Full Contact Magick: A Book of Shadows for the Wiccan Warrior, by Kerr Cuhulain
Llewellyn, 0738702544, 2002

To start with, I like Kerr Cuhulain’s writing style. His approach is very easy to read and understand. He doesn’t attempt to veil things in mystical mumbo-jumbo. Having said that, I have a major objection with this book. I’m sure most readers will not share this objection, however. And it is only fair to say that the only reason I even noticed it is because I had just finished his previous book, Wiccan Warrior, a few days before I started this one. There are entire paragraphs that have been lifted from that book and recycled into the current work. (At least Mr. Cuhulain can’t be accused of plagiarism, since he has lifted the material from his own work.)

Once again Mr. Cuhulain devotes far more time than most authors to using examples from outside of the “mystical” realm. He uses quotes from sources as varied as Bruce Lee and Albert Einstein’ from Longfellow to Robert Plant. He also devotes far more time and space to reminding the reader to make the information and techniques contained in this Book of Shadows a personal part of their life.

He shows the reader how to create and keep an effective Book of Shadows, without restricting the information to that which he presents. He is constantly reminding the reader to record his/her own impressions and the results of rituals constructed, dreams remembered, and meditations undertaken.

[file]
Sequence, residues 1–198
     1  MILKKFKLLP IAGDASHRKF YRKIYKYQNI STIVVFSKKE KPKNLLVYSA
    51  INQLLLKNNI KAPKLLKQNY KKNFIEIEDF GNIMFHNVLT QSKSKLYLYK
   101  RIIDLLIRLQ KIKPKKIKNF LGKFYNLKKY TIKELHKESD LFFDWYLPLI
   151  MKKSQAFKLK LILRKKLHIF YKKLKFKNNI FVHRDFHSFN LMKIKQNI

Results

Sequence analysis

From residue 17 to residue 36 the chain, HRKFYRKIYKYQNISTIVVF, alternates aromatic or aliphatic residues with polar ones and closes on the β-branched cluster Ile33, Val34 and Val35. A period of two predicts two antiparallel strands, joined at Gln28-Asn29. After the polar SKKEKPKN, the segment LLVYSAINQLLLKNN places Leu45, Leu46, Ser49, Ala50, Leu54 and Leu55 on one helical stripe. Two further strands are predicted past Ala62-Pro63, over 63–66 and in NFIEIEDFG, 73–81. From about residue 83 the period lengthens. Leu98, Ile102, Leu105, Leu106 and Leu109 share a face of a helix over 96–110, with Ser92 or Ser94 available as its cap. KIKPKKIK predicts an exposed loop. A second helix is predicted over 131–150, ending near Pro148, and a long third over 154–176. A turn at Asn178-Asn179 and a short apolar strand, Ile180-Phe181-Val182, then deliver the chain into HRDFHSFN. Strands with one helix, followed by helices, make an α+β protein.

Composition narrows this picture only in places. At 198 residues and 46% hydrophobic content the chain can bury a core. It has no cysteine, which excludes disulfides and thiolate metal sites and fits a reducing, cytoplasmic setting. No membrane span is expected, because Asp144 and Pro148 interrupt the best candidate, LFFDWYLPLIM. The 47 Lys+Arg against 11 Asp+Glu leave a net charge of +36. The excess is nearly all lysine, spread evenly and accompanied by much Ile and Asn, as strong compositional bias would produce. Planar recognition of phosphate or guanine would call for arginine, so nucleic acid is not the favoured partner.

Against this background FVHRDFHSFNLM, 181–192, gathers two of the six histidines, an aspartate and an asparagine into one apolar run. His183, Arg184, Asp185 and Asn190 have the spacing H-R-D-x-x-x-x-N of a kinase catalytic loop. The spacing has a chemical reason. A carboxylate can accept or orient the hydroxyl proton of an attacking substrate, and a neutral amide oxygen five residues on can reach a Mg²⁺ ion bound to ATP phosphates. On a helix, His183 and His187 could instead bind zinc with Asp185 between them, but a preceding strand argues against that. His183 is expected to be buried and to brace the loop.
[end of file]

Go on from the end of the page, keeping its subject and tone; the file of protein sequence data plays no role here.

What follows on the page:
Perhaps the largest, and most important, portion of this work is dedicated to facilitating energy work. Let us make not bones about it this is probably the most neglected aspect of our religion. It is about time that an author takes the time and effort to explain it from beginning (which many authors do) through the mid-range (which far fewer do) all the way through to the higher levels (sadly neglected by most authors) in terms which anyone can understand.

On a “technical” level my only complaint about this book is that there are several typographical errors which are a little jarring when encountered, although they do not detract from the overall excellence of this work. They stand out to me only because Llewellyn has been in this field for so long, I expect more of their editors.

The Glossary contained in this book (comprising 28 pages) is one of the most in-depth examples I have seen in years. Containing a mere 55 words, it is none-the-less an invaluable addition to the book, and to a library.

I have a recommendation for those of you who are choosing between Kerr’s earlier work, Wiccan Warrior, and this one. Choose this one, since it is essentially an expansion of the earlier work. Without comparing it too closely, I feel that the vast majority of the earlier work is reproduced in this book. This book supersedes  Kerr’s earlier work, in my opinion. It would make an excellent addition to the library of any aspiring Witch.